Before Ayami Aoyama carves into massive pieces of rock, she begins by simply listening to what the stone has to tell her. In viewing her work on view at Grounds For Sculpture through September 18, aptly titled Silence, a visitor would be wise to listen to the stone along with her.
“Ayami’s sculptures resonate with the natural world,” says GFS Curator Tom Moran. “Her contemplative works are imbued with… imagery she has unleashed from a Pandora of possibilities… she is able to recognize the moment when she has essentially unlocked the form she is seeking.”
Looking at these weighty works in stone, I can’t help wondering how the artist transports her enormous rocks from here to there. Some weigh more than a ton. “There are tools,” she says, such as a chain hoist. “Some guys try to muscle it, but I listen and approach it gently.”
Working from her home in the Harbourton section of Hopewell, on five acres she shares with her husband, artist Rory Mahon, Aoyama calls her studio”a junkyard of brick, wood, stone and mirrors.” There is a foundry Mahon built on the property, with an air compressor that helps to power a hammer. Aoyama acknowledges that accidents happen, and the couples’ two young sons, who occasionally help out, are taught appropriate safety measures.
Summer is Aoyama’s favorite season, because the long hours of daylight mean she can get more work done in her outdoor studio. During shorter days, by the time she gets home from work she may only have 30 minutes of light, but now she gets a full two hours before she has to go inside to cook.
Water is inspirational, she says, and is part of the process for polishing. “Water makes the stone shinier, and you can see more grains and patterns that are always there but the water brings out.”
One of the water-inspired works at GFS, “Water Crystal,” spins on a custom-made lazy Susan; it is made of a French blue granite. “I wanted to present the stone as weightless, to be kinetic and to show its freedom,” she says.
Aoyama is a supervisor at Antiquity Stone in Morrisville, Pennsylvania, which does the fabrication for Jeff Koons’s sculpture. “His work is very precise, the opposite of what I do,” Aoyama says. Before she took that job, she was senior staff sculptor at the Digital Stone Project in Mercerville, and before then, a sculptor and instructor at the Stone Division, across the street. While at the Stone Division, she repurposed parts of stone that were cut off from clients’ work to use in her own.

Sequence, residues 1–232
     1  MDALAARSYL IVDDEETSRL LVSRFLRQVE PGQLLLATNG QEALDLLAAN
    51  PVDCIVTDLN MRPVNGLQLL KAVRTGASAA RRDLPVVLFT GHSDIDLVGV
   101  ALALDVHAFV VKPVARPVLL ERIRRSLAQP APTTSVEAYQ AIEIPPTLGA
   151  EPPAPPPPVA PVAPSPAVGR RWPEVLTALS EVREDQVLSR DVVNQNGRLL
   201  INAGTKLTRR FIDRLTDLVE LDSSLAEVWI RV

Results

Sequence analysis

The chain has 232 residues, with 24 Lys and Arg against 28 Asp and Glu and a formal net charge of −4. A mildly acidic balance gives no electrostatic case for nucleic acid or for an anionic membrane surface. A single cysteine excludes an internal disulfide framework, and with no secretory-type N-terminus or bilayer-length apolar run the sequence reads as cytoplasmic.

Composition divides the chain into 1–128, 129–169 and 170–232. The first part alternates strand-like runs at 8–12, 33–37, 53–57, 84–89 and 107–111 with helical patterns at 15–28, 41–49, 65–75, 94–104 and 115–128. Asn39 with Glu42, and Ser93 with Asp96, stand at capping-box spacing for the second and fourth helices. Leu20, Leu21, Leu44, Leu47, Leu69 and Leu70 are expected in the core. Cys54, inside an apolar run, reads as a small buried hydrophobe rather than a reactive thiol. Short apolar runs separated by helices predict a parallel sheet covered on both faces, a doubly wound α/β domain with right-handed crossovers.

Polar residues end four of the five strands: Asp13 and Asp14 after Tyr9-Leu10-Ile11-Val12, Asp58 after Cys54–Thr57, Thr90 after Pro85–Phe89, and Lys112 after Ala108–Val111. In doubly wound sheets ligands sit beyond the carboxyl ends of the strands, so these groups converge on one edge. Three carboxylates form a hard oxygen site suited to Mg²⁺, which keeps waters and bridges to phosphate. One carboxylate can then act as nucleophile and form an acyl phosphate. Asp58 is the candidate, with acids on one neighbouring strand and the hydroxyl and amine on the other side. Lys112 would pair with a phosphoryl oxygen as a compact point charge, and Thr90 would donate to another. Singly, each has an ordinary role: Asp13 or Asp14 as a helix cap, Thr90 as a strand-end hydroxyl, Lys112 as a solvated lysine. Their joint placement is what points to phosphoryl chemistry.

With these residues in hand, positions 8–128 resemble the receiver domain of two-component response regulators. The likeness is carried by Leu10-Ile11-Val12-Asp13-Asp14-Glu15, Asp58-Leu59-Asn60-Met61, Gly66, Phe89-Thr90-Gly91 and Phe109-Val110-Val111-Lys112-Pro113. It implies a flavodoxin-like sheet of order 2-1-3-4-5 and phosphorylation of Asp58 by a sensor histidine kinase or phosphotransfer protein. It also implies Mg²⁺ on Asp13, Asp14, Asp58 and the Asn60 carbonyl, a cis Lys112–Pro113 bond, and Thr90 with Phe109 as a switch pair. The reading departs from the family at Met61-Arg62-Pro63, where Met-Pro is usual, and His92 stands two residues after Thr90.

She likes to contrast smooth shiny surfaces with rough and raw edges to show the beauty of the material and compares it to the masculine and feminine in the rock. “You can see clear patterns inside. I enjoy pounding it, cutting it. It smiles to greet you in the sunlight. The broken edge has a raw powerful feel, like the Earth is broken. For me, the first cut is rich, like a baby speaking its first word or contact with an alien—the curiosity for the material keeps me going, discovering new things.”
Born in Aichi, Japan, Aoyama grew up surrounded with myths and stories that fueled her. “I grew up in a dreamlike old castle town,” she recounts. “The castle used to be an orphanage and spirits of the children were everywhere. The next door neighbor swept every evening at the hour the children’s spirits were to have come. I was always feeling these encounters.”
She adheres to the Japanese proverb, “Eight millions gods dwell in everything.” It explains her belief in the forces in the stone.
“There’s a god for everything,” she says. “For stone, for the kitchen, for the bathroom, even a needle. Stone sculpture is something beyond me. When I finish a piece, there is some kind of spirit, a character beyond my reach.”
As a painter, Aoyama came to the U.S. in 1996, studying at the Art Students League in New York. While there, she became interested in stone carving, inspired by the work of Isamu Noguchi. Sculptor Jonathan Shahn was teaching clay modeling in the classroom next door. He observed how passionately she worked and recommended the apprenticeship program at the Johnson Atelier Stone Division.
The Madonna theme emerges in several of her sculptures, including one titled “Madonna” in Italian premium carving marble. “I knew if I carved into the white I could bring out the pink warmth,” she says. “It had something hidden, pink crystals like someone’s heart. I could guess from the outside.” She saw in it the pureness of a female and a womb-like container. “I only know Madonna as a stylistic image, not religious.”
“I’m lucky to have this exhibition,” she continues. “Stone is so heavy and involved, you can’t just go and place it like paper. I have so much gratitude for the stone. With this show I am saying ‘thank you.'”
The Artful Blogger is written by Ilene Dube and offers a look inside the art world of the greater Princeton area. Ilene Dube is an award-winning arts writer and editor, as well as an artist, curator and activist for the arts.